Wednesday, 3rd March 2021

Cost of server downtime

The internet has become a fundamental part of so many businesses around the world. A large percentage of the populous may use it to keep in touch with friends or to stay informed on current affairs, but it is the backbone of the economy in many ways. For this reason, you can imagine that website downtime can have a serious impact on these companies - the trade we have to make when becoming so reliant on servers. By Jack Bird, Senior Content and Off Page SEO Specialist.

Below, Cybersecurity Professionals have looked at some of the most startling statistics around the cost of server downtime and the wider impact this may have on businesses, along with why these issues may occur in the first place.

Definition of ‘downtime’ and its impact on businesses

For this article, ‘downtime’ means when a website is unavailable to the majority of the public. This downtime could be related to a number of software, hardware or database issues - either on your side or with your internet/server providers.

While there are many innocent reasons that an internet service may fail, you should always be conscious of any malicious threats. Remember, the biggest mistake you can make is assuming that you’re ‘too small’ to be attacked; almost two-thirds of UK companies with 10-49 employees were victims of cybercrime in 2018 alone. This resulted in an average cost of £65,000 for each business - a staggering number (source).

Studies also show that smaller businesses are most likely to lose productivity to downtime. However, due to their less complex websites, they can more easily transition to an alternative platform to mitigate some of the losses, as opposed to larger websites that may struggle to transition. Regardless of that, reports show that while 25% of employees work around the downtime by focusing on tasks that don’t rely on the internet, a staggering 38% of companies completely stop operating when connectivity comes down.

Amount of hours lost

A study from Opinium looked at the amount of time that businesses lose an average from downtime. They found that, in one given year, the total hours of downtime for UK businesses came in at 149 million hours. That’s 2,865,384 hours a week, or over 400,000 hours a day - which is a number not to be sniffed at.

Out of the companies examined, 72% had 43 hours of downtime which prevented access to vital services, as a result of up to eight separate internet connection issues. For the businesses that relied on consumer-focused internet services (of which 80% are sole traders and 51% are micro-businesses), they suffered almost twice as much downtime as the businesses that used business-specific internet services.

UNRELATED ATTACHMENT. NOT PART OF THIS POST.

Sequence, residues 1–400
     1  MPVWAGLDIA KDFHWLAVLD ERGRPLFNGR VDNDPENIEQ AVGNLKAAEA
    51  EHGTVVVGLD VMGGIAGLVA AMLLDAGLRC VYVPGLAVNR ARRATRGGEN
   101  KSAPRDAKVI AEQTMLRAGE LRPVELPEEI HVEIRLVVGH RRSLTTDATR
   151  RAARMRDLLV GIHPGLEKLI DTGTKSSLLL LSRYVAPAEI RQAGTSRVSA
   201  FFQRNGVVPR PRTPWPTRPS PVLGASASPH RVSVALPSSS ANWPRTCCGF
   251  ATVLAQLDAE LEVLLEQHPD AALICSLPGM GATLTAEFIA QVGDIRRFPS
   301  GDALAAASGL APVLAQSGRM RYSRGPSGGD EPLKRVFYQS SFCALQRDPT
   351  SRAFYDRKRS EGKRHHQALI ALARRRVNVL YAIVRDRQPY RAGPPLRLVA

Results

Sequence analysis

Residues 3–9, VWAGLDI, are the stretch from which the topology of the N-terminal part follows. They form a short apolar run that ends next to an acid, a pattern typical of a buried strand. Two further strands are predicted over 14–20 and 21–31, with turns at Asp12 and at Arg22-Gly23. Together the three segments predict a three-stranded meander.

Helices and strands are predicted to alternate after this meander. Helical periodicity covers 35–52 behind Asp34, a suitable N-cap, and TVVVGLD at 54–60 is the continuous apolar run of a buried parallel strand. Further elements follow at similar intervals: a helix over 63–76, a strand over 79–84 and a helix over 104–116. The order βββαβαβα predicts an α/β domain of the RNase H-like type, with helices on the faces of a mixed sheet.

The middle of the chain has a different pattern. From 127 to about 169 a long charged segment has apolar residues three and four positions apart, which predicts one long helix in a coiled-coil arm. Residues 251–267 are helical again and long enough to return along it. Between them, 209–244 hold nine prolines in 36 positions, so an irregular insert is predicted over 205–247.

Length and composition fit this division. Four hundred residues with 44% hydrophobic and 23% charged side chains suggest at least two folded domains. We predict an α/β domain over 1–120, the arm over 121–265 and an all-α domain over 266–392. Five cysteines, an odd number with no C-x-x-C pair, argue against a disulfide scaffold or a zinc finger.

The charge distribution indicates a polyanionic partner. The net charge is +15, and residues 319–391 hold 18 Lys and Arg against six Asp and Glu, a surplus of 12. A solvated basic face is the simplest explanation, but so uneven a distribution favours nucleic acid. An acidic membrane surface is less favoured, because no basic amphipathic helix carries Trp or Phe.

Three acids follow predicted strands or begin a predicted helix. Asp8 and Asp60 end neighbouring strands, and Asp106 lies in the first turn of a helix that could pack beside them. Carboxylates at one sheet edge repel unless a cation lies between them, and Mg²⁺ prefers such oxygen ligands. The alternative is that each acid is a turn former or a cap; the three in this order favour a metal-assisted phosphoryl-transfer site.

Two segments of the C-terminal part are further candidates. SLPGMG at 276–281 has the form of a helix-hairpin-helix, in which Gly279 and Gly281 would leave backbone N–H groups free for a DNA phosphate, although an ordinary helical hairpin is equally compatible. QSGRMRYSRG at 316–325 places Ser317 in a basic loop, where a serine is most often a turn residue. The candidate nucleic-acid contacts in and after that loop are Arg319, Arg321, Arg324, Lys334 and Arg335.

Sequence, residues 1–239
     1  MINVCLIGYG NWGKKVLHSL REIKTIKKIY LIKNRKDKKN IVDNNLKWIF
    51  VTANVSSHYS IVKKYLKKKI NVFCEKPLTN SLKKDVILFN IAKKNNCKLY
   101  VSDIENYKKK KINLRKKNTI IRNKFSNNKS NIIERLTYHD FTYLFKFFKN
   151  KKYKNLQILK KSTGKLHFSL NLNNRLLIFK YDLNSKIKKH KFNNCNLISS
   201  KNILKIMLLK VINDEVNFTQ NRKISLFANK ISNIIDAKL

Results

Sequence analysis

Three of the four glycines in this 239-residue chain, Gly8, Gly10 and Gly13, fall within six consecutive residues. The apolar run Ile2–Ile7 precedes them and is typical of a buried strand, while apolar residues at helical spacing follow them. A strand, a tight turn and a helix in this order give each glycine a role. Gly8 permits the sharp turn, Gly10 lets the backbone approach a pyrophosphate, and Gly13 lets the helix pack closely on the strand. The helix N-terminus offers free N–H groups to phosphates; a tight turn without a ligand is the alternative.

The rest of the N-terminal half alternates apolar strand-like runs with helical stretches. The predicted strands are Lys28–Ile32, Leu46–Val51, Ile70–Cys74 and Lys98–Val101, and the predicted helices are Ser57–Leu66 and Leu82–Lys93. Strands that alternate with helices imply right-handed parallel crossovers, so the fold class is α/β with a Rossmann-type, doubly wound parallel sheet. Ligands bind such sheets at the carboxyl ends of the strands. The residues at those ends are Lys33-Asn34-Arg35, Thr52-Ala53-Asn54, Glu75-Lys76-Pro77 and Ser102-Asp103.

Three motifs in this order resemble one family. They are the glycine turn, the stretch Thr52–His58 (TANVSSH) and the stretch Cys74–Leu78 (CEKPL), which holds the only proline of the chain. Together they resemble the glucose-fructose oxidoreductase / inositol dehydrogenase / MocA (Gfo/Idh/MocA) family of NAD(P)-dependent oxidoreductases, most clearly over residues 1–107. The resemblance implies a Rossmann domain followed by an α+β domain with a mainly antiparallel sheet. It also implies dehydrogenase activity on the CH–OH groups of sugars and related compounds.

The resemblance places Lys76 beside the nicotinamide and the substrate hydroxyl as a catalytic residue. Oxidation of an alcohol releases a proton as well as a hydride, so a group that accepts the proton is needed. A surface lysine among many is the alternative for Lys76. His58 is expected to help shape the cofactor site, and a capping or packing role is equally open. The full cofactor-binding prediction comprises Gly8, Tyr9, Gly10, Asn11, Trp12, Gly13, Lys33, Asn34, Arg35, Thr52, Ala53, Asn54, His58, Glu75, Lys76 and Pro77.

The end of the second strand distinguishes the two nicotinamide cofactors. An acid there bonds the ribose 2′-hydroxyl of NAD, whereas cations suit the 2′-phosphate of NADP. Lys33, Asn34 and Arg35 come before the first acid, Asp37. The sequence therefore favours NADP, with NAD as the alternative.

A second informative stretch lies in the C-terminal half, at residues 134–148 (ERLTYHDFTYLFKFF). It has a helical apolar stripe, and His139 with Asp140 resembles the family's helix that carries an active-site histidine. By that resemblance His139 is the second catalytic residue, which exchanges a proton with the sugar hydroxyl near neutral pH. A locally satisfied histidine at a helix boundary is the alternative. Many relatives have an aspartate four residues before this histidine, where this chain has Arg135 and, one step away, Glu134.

Income lost as a result

As a result of this downtime in 2016 - the year when this landmark study was carried out - the economy was estimated to have lost £12.3 billion in productivity as a result. What about the specific business costs?

When an outage takes place, things start off bad and get worse until fully recovered. Immediately after the event, 13% of companies start to lose money. After an hour, this rises to 28%. Only four hours after the internet outage, 46% of businesses are losing money. In terms of the cost to each business, this averages out at approximately £521 per employee when considering unnecessary overtime and lost productivity.

Outside of the finances, there is also a reputation hit to consider. If someone tries to access your website and sees that it’s down, they’re going to associate that bad experience with your business for a while. It may have only been down for a few minutes, but if they try to access it within that window and fail - can you be sure they’ll try again in an hour when it’s fixed? What’s more likely is that they’ll go to a competitor instead and you’ll lose the traffic or conversions.

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Completely stopping downtime is almost impossible. Even the strongest servers on the planet can go down, and even the safest cybersecurity precautions may not stop some hackers that want to take your site down. Instead, you need to be prepared for if it happens. A major part of that preparation is understanding the impact it could have on your business, which we hope this article has helped with.

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